01 October 2012

Pushing the Limits by Katie McGarry

No one knows what happened the night Echo Emerson went from popular girl with jock boyfriend to gossiped-about outsider with "freaky" scars on her arms. Even Echo can't remember the whole truth of that horrible night. All she knows is that she wants everything to go back to normal.

But when Noah Hutchins, the smoking-hot, girl-using loner in the black leather jacket, explodes into her life with his tough attitude and surprising understanding, Echo's world shifts in ways she could never have imagined. They should have nothing in common. And with the secrets they both keep, being together is pretty much impossible.

Yet the crazy attraction between them refuses to go away. And Echo has to ask herself just how far they can push the limits and what she'll risk for the one guy who might teach her how to love again.
Pushing the Limits had the blogosphere foaming at the mouth before it even hit shelves.  Normally, I steer clear of books like this -- the ones that explode so drastically that it makes me just a little bit suspicious.  (No, seriously, Twilight anyone?)  I bought Pushing the Limits after reading the first two pages in Barnes & Noble.  No book can be that good, right?

Wrong.  So wrong.  Pushing the Limits totally deserves the hype.  It was amazing from start to finish.  I was delightfully surprised by the depth and clarity of each main character, and by the stakes they faced. I was never once pulled out of the story by insincere or sloppy writing.  Everything about it makes me conclude, This is how a good book is supposed to be written.

Besides the dynamic main characters, my favorite thing about Pushing the Limits was the writing style: McGarry didn't preach anything.  Information came out naturally, because the circumstances required it.  There was none of this boring the reader with paragraphs of explanation.  McGarry shaved away all the excess writing baggage that has become the staple of young adult literature.  Each sentence brought the respective character more and more to life, adding depth and clarity instead of adding mindless prose to equate to a whole lot of nothing.

McGarry didn't shortchange the characters, which made my emotional connection with them stronger.  Echo and Noah were independent, but inextricably linked -- the more they learned about each other, the more they learned about themselves, and I think that's what makes their romance so great.  (Of course, some blush-worthy make out scenes certainly help a great deal.)  I'd predicted that Echo was going to be whiny, but I was wrong.  I was impressed with McGarry's ability to build motivations and thought processes into the character's prose so that every triumph and complaint is justified.  This aspect really made the characters pop off the page for me.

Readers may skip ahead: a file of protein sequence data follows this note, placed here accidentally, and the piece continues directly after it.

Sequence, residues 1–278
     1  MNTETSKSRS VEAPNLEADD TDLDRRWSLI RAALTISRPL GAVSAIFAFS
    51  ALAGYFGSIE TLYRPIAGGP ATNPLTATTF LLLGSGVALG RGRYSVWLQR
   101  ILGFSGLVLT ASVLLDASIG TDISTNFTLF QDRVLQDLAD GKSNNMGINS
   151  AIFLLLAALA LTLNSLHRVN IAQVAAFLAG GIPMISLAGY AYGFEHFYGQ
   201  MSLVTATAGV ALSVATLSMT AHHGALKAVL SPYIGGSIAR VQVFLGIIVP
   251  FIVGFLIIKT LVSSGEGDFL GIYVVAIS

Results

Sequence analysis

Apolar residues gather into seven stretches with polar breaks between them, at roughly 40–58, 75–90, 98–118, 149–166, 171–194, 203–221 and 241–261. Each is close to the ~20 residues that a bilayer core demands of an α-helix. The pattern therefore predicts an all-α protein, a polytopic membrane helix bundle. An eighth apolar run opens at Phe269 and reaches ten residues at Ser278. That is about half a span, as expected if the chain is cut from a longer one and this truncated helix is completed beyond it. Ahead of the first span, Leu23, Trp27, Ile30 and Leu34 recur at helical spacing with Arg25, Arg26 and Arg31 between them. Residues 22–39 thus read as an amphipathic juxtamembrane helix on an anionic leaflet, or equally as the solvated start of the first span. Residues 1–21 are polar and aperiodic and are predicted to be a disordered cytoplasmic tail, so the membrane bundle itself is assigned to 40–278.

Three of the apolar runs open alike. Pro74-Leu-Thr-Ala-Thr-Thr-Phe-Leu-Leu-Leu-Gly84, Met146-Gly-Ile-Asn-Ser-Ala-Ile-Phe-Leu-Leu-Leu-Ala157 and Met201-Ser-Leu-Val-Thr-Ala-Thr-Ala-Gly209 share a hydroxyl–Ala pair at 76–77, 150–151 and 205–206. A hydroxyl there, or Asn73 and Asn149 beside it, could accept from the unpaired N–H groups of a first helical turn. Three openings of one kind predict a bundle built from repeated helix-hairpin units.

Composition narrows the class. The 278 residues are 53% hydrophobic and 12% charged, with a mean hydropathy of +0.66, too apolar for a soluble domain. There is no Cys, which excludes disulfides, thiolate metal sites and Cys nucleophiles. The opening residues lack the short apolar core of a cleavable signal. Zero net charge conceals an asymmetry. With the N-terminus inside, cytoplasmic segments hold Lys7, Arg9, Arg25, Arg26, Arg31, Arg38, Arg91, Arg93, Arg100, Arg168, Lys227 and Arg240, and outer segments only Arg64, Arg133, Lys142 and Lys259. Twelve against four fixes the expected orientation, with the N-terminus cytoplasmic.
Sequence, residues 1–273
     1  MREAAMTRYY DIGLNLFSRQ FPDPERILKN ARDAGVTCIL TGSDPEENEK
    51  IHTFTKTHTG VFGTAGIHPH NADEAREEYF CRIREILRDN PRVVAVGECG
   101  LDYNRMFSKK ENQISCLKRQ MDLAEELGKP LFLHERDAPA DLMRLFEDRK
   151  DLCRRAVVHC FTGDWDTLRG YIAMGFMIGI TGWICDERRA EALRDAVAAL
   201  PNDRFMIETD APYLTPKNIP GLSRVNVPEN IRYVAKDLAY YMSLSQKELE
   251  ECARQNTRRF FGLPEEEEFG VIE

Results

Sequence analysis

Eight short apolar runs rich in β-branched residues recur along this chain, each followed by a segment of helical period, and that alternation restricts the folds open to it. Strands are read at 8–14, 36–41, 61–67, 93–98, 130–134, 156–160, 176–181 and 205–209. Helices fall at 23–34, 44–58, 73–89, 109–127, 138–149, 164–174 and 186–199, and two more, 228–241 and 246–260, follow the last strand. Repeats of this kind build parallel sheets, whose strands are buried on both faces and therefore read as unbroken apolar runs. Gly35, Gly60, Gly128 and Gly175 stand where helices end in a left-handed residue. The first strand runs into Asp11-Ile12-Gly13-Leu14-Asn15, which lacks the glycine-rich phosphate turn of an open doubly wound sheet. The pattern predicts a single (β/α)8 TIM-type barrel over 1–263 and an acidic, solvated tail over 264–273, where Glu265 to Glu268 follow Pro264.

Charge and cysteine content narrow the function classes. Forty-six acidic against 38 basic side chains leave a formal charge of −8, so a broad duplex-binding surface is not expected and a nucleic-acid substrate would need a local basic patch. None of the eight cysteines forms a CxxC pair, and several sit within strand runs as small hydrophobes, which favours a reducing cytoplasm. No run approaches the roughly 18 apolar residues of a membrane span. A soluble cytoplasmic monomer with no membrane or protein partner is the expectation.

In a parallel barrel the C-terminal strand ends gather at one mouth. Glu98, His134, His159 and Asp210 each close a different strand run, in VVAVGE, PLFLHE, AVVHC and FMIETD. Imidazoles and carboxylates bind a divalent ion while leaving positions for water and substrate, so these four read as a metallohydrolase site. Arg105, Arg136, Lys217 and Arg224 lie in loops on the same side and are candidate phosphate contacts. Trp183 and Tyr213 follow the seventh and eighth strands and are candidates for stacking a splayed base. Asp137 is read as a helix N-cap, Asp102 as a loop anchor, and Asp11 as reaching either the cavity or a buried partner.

Pushing the Limits has the revolutionary feel of a book that sets new standards.  McGarry took two issues that are very real, relevant things in today's society, and brought them out of their dusty corners, showcasing them in a way that made them easier to approach, and to understand.  Katie McGarry set out to do something:
I wanted to write a story in which my characters felt strong enough to leave their pasts behind and create new futures for themselves... Two, I wanted to write two characters who were facing overwhelming issues and who, through battling these issues, found hope at the end of their journey.
McGarry's passion shines through the prose; her cleverness, through the playful, witty banter between her two main characters.  Pushing the Limits is the physical manifestation of stark honesty and brilliance.  Katie McGarry certainly put herself on the map with this one, and I think she's going places.

Quotes
My heart pounded in tune with thrash metal.  We'd read about sirens in English this fall; Greek mythology bullshit about women so beautiful, their voices so enchanting, that men did anything for them.  Turned out that mythology crap was real because every time I saw her, I lost my mind. (p. 80)
Book Info

  • pages - hardcover, 384
  • published - July 2012
  • publisher - Harlequin Teen
  • genre - contemporary
  • received via - Barnes & Noble
  • rating - 5/5